Masks, Transformation, and Paradox

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University of California Press, 1986 - Art - 282 pages
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Masks are found world-wide in connection with seasonal festivals, rites of passage, and curative ceremonies. They provide a means of investigating the paradoxical problems that appearances pose in the experience of transitional states. In this far-reaching work, A. David Napier studies mask iconography and the role played by masks in the realization of change. The masks of preclassical Greece¯in particular those of the Satyr and the Gorgon¯provide his starting point. A comparison of Greek to Eastern and especially Indian models follows, and the book concludes with an examination of the interpretation of Hindu ideas in Bali that demonstrates the importance of ambivalence in mask iconography.
  

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I learned how to use the word apotropaic from this book. Read full review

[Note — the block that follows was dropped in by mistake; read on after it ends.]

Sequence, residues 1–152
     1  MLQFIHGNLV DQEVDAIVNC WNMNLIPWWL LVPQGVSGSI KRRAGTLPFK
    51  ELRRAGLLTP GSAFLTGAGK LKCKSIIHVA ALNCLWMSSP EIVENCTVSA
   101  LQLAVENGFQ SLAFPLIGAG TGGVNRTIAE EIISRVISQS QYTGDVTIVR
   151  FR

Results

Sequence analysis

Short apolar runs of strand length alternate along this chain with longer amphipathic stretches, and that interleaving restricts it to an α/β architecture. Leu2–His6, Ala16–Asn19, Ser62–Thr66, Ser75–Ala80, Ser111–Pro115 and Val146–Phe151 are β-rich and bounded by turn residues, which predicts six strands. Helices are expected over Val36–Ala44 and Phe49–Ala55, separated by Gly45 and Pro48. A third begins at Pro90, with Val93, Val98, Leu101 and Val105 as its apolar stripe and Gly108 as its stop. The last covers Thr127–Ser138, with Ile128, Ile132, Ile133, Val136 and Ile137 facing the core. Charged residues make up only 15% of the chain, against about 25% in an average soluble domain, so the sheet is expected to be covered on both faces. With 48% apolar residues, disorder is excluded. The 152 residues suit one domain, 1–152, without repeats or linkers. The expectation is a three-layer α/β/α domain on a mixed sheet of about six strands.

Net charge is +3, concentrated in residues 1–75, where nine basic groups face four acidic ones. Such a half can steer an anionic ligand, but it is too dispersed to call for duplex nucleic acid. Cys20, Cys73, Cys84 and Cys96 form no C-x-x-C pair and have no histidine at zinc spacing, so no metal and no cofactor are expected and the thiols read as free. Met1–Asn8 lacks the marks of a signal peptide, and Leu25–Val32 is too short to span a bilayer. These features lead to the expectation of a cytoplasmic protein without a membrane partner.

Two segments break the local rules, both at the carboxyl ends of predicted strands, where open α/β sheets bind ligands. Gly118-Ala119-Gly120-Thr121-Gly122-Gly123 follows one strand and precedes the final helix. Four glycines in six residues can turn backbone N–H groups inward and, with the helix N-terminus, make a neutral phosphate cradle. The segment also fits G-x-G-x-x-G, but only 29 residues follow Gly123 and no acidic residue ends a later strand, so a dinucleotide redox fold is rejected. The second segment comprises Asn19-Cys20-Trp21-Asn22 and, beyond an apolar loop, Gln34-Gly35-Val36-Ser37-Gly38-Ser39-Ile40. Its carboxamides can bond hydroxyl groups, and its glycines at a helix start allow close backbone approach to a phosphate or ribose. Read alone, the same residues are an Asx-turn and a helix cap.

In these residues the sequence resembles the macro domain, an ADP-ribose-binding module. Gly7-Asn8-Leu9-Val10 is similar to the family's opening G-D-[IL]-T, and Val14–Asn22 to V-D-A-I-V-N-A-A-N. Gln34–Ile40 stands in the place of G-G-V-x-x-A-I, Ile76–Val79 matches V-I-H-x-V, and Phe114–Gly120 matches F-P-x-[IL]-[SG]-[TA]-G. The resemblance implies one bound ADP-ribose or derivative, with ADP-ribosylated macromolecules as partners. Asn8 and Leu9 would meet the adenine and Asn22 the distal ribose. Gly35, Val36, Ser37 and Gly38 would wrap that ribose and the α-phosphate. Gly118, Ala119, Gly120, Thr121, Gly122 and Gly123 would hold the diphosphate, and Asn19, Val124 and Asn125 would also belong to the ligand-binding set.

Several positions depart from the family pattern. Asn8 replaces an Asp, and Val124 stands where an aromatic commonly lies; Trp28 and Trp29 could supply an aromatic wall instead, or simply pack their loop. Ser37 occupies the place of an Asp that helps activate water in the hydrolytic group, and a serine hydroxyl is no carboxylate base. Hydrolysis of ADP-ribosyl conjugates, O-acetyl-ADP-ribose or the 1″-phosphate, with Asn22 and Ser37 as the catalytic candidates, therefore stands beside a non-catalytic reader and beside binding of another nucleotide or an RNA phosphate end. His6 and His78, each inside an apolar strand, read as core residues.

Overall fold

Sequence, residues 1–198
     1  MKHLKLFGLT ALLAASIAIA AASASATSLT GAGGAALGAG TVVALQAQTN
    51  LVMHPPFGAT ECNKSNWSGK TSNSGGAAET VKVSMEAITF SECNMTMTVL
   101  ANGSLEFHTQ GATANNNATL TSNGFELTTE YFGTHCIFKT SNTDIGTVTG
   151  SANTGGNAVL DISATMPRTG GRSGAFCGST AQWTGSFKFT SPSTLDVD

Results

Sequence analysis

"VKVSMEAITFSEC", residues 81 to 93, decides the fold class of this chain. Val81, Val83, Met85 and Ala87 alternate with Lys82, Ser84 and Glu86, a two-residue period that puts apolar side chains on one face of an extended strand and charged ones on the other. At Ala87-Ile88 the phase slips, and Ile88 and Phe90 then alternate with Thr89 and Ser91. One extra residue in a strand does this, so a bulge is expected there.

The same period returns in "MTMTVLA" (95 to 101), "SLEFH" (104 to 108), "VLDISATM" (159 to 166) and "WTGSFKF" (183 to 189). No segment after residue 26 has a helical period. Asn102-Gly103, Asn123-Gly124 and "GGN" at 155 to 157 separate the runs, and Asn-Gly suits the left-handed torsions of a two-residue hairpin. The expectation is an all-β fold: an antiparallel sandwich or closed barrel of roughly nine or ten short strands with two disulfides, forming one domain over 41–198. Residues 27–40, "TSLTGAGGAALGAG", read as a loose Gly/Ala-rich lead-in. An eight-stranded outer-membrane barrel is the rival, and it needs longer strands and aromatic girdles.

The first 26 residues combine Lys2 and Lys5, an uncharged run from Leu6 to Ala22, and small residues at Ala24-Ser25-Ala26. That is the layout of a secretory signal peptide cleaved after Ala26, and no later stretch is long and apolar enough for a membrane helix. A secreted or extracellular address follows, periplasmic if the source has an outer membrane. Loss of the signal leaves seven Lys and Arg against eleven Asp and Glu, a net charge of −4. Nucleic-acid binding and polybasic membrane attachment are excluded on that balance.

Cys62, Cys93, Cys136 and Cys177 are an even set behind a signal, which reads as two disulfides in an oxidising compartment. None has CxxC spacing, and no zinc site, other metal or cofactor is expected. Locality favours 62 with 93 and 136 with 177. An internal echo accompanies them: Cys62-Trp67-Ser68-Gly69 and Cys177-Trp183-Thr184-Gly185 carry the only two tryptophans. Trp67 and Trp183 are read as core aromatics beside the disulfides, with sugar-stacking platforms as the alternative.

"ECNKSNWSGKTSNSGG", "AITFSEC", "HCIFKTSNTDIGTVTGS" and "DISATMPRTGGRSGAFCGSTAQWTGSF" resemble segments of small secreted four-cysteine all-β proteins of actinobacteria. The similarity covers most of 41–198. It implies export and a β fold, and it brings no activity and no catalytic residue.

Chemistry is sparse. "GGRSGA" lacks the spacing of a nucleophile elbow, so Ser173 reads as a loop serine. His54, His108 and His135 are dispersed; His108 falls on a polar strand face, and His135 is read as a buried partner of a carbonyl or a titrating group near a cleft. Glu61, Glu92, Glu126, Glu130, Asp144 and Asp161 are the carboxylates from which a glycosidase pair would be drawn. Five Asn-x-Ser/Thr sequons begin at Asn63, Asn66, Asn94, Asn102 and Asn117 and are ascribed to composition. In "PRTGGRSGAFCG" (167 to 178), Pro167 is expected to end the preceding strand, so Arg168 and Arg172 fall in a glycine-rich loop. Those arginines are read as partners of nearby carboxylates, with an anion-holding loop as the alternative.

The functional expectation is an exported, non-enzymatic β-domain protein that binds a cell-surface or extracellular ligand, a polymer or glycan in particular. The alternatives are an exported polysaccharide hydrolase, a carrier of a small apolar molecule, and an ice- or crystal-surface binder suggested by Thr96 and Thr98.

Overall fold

Contents

The Problem of Prima
4
Interpreting Transformations
10
Supernatural
20
Masks and the Beginnings of Greek Drama
30
Aristotles Testimony
36
Satyr Centaur Theriomorphic Healer
45
Its Character and Iconography
53
IndoEuropean Elements in the Satyrs and Centaurs
63
Centaurs Ambivalence and Curing
79
Perseus and the Gorgon Head
83
q The Third Eye
135
Balinese Faces and Indian Prototypes
188
Notes
225
Bibliography
243
Index
269
Copyright

Centaurs and Heracles
71

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About the author (1986)

A. David Napier is Associate Professor of Art and Anthropology at Middlebury College and Fellow in Medical and Psychiatric Anthropology at the Harvard Medical School. He is the author of "Masks, Transformation, and Paradox" (California, 1986).

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